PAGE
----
Click on photos to enlarge.

Monday, February 7, 2011

The Group of Eight

Three of the Group of Eight,Everett Shinn,
Robert Henri, and John Sloan, 1896

During the latter part of the nineteenth century, art in America, and particularly painting, had a rather effete might even say effeminant.  Men might pay for paintings but women often chose them, and their highly refined tastes were reflected not only in what sold, but even what was painted.  Part of this was the French influence, both in terms of impressionism and the academic style, but it went deeper than that.  There was a "prettiness" to painting that lent a "sissified" aura to any young man professing an interest in the this gentile artform.   
Around the turn of the century however, Robert Henri returned to Philadelphia from his studies in Paris where he'd been exposed not only to academic painting, but to Impressionism, Manet, Whistler, and most importantly the seventeenth century work of Valazquez and Hals.  There he gathered around him a group of newspaper illustrators such as John Sloan, Everett Shinn, William Glackens, and George Luks.  These men were accustomed to the rough and tumble life of the big city rather than delicate romantic fantasies.  Moving on to New York City he acquired the following of Arthur B. Davies, Ernest Lawson and Maurice Prendergast.  Together, they have come to be known as the Group of Eight.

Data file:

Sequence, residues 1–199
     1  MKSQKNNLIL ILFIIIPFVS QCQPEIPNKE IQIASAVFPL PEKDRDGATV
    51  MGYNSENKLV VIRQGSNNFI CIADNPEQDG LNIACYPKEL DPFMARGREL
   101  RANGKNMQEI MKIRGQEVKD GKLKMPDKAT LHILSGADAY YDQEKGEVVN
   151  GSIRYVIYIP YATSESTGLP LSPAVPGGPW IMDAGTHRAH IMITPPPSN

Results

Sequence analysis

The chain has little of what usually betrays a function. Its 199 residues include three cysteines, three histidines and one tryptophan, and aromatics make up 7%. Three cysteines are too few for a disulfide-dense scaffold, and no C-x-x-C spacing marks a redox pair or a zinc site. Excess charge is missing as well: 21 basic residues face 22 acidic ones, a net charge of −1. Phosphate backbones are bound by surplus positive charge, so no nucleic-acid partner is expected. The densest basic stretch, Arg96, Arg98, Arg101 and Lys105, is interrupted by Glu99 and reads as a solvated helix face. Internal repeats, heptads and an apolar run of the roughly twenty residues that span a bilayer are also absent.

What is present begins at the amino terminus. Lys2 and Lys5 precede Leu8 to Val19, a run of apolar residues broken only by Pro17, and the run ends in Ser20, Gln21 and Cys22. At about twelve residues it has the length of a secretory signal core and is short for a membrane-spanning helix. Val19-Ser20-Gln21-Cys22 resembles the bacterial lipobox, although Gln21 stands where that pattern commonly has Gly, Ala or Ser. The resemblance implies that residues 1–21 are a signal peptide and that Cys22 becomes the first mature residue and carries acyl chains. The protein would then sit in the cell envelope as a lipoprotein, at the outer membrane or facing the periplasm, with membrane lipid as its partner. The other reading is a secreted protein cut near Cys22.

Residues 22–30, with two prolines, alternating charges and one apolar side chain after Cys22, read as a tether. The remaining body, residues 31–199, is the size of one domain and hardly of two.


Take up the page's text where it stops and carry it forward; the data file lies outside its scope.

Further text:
McSorley's Bar, 1912, John Sloan
Though their work varied somewhat in subject matter, in terms of style the word "macho" comes to mind.  Brush strokes were bold, colors were vivid, compostions bustled with the vim and vigor of upper, middle, and lower class city life.  There was a robust power in all their work that revitalized painting in New York, influencing later artists such as Columbus, Ohio,  artist George Bellows, Edward Hopper, Reginald Marsh, and African-American artist Archibald Motley Jr. 
The Eviction, 1904, Everett Shinn
 Not always appreciated by the high-minded New York art establishment, these hard living, hard drinking, hard working men could hold their own as well in a studio loft or a bar room brawl.  Sometimes referred to as the "Ashcan School", they erased forever the "prissy" stereotype of the American Artist.

No comments:

Post a Comment